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Remember what Sex Ed was like when you were growing up? Unfortunately, not much has changed, and young people are suffering the consequences.
But before we even get to what takes place in the classroom, consider this: only 22 states and the District of Columbia require public schools to teach Sex Education.
Of those states, 20 mandate Sex Ed and HIV education – and a whopping 19 require that Sex Ed, if it’s offered, be medically, factually, or technically accurate. (It’s worth noting, there’s some latitude on that last point).
Welcome to the United States of America, friends – where we have the highest rates of teen pregnancy, unintended pregnancy, and abortion (to name just a few) among all nations in the Western industrialized world.
Quality Control & Evaluation
You’ve probably deduced that there is no national Sex Ed policy. Individual states offer very little guidance when it comes to Sex Ed, and local policymakers are given wide latitude in crafting their own policies.
What actually gets taught in the classroom is set at the district level. Put quite simply, District A could have a reasonably comprehensive curriculum, and right next door in District B, kids are taught 3 lessons on puberty, and they’re calling it a day. Both districts are within the guidelines set by the state, and thus, compliant.
Even more troubling, there is no quality control on the information that’s being taught in the classroom. For example, two teachers in the same school can cover different topics (usually, whatever they find most comfortable) using the same curriculum – and the kids walk out with a very different knowledge base and experience.
To make matters worse, unless there is a complaint, there is often very little oversight of the actual teaching.
In addition, students are not getting tested on the material in any kind of a meaningful way. So what did they learn? Or retain? We don’t know, because no one measures outcomes – let alone the effectiveness of individual teachers.
A note to parents: please don’t assume anything when it comes to your child’s Sex Education. Many parents think their child’s school has got it covered – and it’s often simply not the case.
You have the right to know what your child is being taught, by whom, and for how long – and it’s up to you to hold administrators responsible.
Decisions are made by those who show up. Check our downloads page soon for a talking points kit to start a conversation with your school administrator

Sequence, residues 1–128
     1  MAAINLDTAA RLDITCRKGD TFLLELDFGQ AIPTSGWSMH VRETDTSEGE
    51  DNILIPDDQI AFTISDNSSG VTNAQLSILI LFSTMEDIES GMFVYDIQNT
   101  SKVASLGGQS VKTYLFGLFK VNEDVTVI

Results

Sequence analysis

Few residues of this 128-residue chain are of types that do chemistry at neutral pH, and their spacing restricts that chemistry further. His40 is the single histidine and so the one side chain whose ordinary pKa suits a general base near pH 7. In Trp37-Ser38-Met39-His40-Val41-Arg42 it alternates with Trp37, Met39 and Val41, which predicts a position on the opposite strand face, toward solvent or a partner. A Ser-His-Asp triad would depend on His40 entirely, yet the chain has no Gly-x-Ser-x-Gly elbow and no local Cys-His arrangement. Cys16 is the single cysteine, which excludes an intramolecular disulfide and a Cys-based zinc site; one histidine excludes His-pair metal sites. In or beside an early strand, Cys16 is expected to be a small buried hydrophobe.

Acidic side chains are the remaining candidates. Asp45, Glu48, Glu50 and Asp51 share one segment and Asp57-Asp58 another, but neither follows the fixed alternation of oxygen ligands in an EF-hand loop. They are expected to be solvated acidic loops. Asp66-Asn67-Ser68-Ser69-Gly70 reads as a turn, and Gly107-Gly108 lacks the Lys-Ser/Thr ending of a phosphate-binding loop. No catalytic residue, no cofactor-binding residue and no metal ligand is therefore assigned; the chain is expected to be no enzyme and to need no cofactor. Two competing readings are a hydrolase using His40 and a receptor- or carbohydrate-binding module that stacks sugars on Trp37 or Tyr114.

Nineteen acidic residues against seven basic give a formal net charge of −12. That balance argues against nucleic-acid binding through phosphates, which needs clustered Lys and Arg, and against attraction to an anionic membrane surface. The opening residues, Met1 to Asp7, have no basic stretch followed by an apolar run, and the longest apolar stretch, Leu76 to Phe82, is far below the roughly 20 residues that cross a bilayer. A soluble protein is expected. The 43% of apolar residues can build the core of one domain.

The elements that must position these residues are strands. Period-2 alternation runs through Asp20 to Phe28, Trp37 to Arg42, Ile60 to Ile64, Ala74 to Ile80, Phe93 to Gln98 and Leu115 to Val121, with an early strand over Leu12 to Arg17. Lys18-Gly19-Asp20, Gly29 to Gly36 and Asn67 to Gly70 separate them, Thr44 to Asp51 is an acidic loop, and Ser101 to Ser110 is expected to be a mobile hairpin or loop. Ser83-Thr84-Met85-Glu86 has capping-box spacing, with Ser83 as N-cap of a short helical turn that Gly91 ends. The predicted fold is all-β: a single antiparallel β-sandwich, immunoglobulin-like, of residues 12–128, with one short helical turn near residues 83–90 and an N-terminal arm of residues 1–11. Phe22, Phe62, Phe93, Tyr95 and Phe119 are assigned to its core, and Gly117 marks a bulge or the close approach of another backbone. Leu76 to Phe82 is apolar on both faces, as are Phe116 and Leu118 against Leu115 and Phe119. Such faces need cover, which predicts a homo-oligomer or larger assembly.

When Talk educators first show up at a school, do you know who’s the happiest to see us? It’s almost always the people who were teaching Sex Ed before we got there.
In Talk’s early days, we interviewed dozens of current Sex Ed teachers, and what we found was striking. With few exceptions, all of the teachers fell into one of the three following categories:
- I’m the [gym teacher, biology teacher, random teacher that was dragooned into the role because no one else was available]. This was not what I signed up for, I’m in over my head, and someone else could do it better.
- I’m comfortable teaching Sex Ed, but I don’t feel like I have the skills / knowledge base / proper training to do it well.
- I’m comfortable teaching Sex Ed, but I’m afraid I’m could say or do something that will get me fired.
Everyone we interviewed was perfectly lovely – but what a sad state of affairs, really. Feeling like you got stuck teaching something you never wanted and that you can’t connect. Feeling completely and totally inadequate. Or being terrified every day that you could say something that would result in you losing your job.
Needless to say, it’s a less the less than optimal scenario for all parties involved.
When we were first starting out, we interviewed teens from all over the country and asked them about the Sex Education they had received. Not surprisingly, it spanned the gamut from “we didn’t have Sex Ed,” to “it was a joke and a complete waste of time,” to “it was actually pretty good.”
The first two responses are unfortunately the typical experience. What we were most interested in was “it was actually pretty good” response, because it was the richest. What were others doing well, so we could do it too, and where was it falling short so we could improve upon it?
While we certainly learned a lot, the biggest revelation was this: even the kids that had gotten the “best” Sex Ed were not able to apply the information they had learned to their own lives.
For example, they could rattle off the characteristics of healthy relationships, but they didn’t know if their own relationships were healthy.
They could tell us how to put a condom on a banana, but they had no idea how to go about negotiating condom use if their partner didn’t want to wear one – or that walking away in that scenario was an option – let alone the only option.
Many didn’t know that they could get all the same diseases and infections from oral sex that they could get from intercourse.
And, last but not least, they could point to their ovaries on a diagram, but they had no idea how to prevent the sexually transmitted diseases that would render them infertile when they want to start their family.
Take home point: teens need educators that can help them connect the dots and make the information they learn useable. If you can’t make good decisions and apply the information in your own life at the end of it, your education missed the mark. And unfortunately, that’s exactly what’s happening – all over the country, every day.
While Sex Ed is obviously fraught, we’re working around the clock to make it better. We hope you’ll join with us to give every child access to the education they deserve.